Jay Mariotti to Boston? No Thanks
As someone who used to spend his days (and nights and weekends and holidays) toiling in the sports department of a newspaper, I’ve been enjoying a bit of schadenfreude at the departure of Chicago Sun-Times
hack columnist Jay Mariotti.
Mariotti is the worst kind of sportswriter, a bloviating bouffant talking head who relies on lazy suppositions and overheated rhetoric to get on ESPN, instead of actual reporting to back up his rip jobs. When your two main claims to fame are appearing as a regular on Around the Horn and not talking to the people you’re attacking, there’s not much left to say. (Don’t take my word for it. Look at what former colleagues Roger Ebert, Rick Telander, and Chris DeLuca had to say. Not to mention his former readers at the Sun-Times.)
All that’s well and good, but the rumor mill has been churning with speculation that Mariotti has his eye on our fair city. Thankfully, the Herald’s Jessica Haslem cut through the noise and talked to the permed one who claimed, “Who, me?”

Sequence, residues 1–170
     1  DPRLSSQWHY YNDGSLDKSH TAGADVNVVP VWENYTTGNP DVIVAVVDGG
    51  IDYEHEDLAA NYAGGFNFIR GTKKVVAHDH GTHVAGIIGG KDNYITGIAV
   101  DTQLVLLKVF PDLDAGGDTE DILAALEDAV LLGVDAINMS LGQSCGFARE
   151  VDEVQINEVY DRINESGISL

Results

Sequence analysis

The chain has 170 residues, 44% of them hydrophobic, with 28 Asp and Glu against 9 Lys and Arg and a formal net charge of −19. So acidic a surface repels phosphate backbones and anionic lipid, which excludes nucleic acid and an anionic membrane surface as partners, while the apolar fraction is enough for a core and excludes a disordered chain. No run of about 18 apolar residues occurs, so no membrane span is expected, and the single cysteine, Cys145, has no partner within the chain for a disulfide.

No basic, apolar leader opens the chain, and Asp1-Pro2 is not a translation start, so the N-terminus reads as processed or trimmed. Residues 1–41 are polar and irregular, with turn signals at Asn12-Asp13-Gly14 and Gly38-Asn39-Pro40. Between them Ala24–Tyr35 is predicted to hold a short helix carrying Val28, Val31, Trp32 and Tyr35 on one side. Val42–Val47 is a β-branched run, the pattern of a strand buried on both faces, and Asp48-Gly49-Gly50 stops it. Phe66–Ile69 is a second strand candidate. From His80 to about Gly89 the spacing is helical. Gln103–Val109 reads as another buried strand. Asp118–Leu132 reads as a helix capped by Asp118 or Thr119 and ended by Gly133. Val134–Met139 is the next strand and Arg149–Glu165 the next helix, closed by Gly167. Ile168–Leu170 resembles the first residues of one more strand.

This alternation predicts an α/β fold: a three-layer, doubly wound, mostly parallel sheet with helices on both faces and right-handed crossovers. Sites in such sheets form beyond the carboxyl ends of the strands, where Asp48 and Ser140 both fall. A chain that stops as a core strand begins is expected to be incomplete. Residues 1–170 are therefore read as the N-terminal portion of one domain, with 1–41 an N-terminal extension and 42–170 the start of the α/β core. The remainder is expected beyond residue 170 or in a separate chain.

From Haslem’s piece:
Mariotti told me he’s fond of Boston and “certainly respects” a lot of the journalists who work here.
“It’s a tougher town than Chicago. I think that I would fit right in, but to answer your question flat out – No – I have not talked to anybody there,” Mariotti said.
It’s an open-ended question as to whether Boston is a “tougher town” than Chicago, but if newspapers are keen on saving their circulation base, perhaps it’s time to look past the failed generation of yellers and screamers, and cast an eye toward the insightful analysis churned out by the likes of Aaron Schatz, the folks at Baseball Prospectus, and John Hollinger. Just a thought.
Of much bigger import to sports fans is the breaking news that Jeff Horrigan is leaving the Herald (as reported by David Scott). The widely-respected baseball writer is yet another blow to the paper, which has lost Mike Felger, Tony Massarotti, and Rob Bradford in the last few months. Horrigan is the anti-Mariotti, a dilligent, hard-working reporter who used his access to the locker room to provide insight and analysis. He’ll be missed.